The University has installed new facilities which will provide students with cheap telephone calls to families and friends – and in some cases for free - using Voice over IP (VoIP) technology. Access to over 25 television channels is also part of the package in student halls.
Portsmouth was the first university in the UK to sign up for the ‘triple-play’ system provided by Inuk Networks and its VoIP system, Freewire. The project is part of an IT upgrade in student halls and utilises the free broadband service already in place in all halls.
Students can make and receive calls using new handsets in their rooms, or they can download free software to their computers allowing them to make calls over the internet.
They will see a virtual phone that appears on their PC or laptop screen and which has all the functionality of a normal phone does, plus a few extras such as audio and video conferencing.
Telephone calls are free between Freewire users so those parents anywhere in the world with a home computer can also download the free software allowing students to talk to their families without paying any call charges and vice versa. Calls to landlines and many international destinations such as China cost less than one pence per minute.
The 25 free television channels are of broadcast quality and include several foreign channels which will appeal to the University’s many international students, including Phoenix Television, a Chinese broadcaster and other channels in Arabic, Greek, French and German.
Andrew Minter, the University’s IT Director, said: “We believe that making it easier for students to stay in touch with their families and friends back home will help them to settle in. Providing students with free television channels is an added bonus which we hope they will enjoy.”
The new service is ready to go live in all student halls of residence in time for the new academic year which starts on 27 September.
Parents who attend the University’s welcome receptions between 27-30 September can collect a set of headphones to use with their home computer which will allow them to make hands-free calls.
The University and Inuk Networks will showcase the new technology throughout the welcome events and they are expecting overwhelming interest.
Marcus Liassides is the CEO of Inuk Networks. He said: “We have worked very closely with the University of Portsmouth and had invaluable input from them during the process of developing and fine-tuning our product for the university market.”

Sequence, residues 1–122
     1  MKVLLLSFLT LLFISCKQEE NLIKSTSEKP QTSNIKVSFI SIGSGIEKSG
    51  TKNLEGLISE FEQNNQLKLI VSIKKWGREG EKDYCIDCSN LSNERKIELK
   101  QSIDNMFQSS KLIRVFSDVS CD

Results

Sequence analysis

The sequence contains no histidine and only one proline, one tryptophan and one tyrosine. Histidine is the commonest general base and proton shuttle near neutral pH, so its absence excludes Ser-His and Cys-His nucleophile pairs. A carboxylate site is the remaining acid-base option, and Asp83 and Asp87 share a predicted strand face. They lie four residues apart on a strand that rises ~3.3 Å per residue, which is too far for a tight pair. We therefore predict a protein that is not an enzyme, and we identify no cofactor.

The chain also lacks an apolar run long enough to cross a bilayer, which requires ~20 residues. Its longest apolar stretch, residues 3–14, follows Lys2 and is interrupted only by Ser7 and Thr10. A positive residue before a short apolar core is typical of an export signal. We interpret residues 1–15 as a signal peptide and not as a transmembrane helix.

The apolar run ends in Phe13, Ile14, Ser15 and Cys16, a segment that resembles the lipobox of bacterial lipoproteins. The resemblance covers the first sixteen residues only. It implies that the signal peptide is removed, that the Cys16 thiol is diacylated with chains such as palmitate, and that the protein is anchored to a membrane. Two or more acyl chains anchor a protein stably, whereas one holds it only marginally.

18.08.2017 | Albert-Ludwigs-Universität Freiburg im Breisgau
AI implications: Engineer's model lays groundwork for machine-learning device
18.08.2017 | Washington University in St. Louis
Whether you call it effervescent, fizzy, or sparkling, carbonated water is making a comeback as a beverage. Aside from quenching thirst, researchers at the University of Illinois at Urbana-Champaign have discovered a new use for these "bubbly" concoctions that will have major impact on the manufacturer of the world's thinnest, flattest, and one most useful materials -- graphene.
As graphene's popularity grows as an advanced "wonder" material, the speed and quality at which it can be manufactured will be paramount. With that in mind,...
Physicists at the University of Bonn have managed to create optical hollows and more complex patterns into which the light of a Bose-Einstein condensate flows. The creation of such highly low-loss structures for light is a prerequisite for complex light circuits, such as for quantum information processing for a new generation of computers. The researchers are now presenting their results in the journal Nature Photonics.
Light particles (photons) occur as tiny, indivisible portions. Many thousands of these light portions can be merged to form a single super-photon if they are...
For the first time, scientists have shown that circular RNA is linked to brain function. When a RNA molecule called Cdr1as was deleted from the genome of mice, the animals had problems filtering out unnecessary information – like patients suffering from neuropsychiatric disorders.
While hundreds of circular RNAs (circRNAs) are abundant in mammalian brains, one big question has remained unanswered: What are they actually good for? In the...
An experimental small satellite has successfully collected and delivered data on a key measurement for predicting changes in Earth's climate.
The Radiometer Assessment using Vertically Aligned Nanotubes (RAVAN) CubeSat was launched into low-Earth orbit on Nov. 11, 2016, in order to test new...
A study led by scientists of the Max Planck Institute for the Structure and Dynamics of Matter (MPSD) at the Center for Free-Electron Laser Science in Hamburg presents evidence of the coexistence of superconductivity and “charge-density-waves” in compounds of the poorly-studied family of bismuthates. This observation opens up new perspectives for a deeper understanding of the phenomenon of high-temperature superconductivity, a topic which is at the core of condensed matter research since more than 30 years. The paper by Nicoletti et al has been published in the PNAS.
Since the beginning of the 20th century, superconductivity had been observed in some metals at temperatures only a few degrees above the absolute zero (minus...
16.08.2017 | Event News
04.08.2017 | Event News
26.07.2017 | Event News
18.08.2017 | Life Sciences
18.08.2017 | Physics and Astronomy
18.08.2017 | Materials Sciences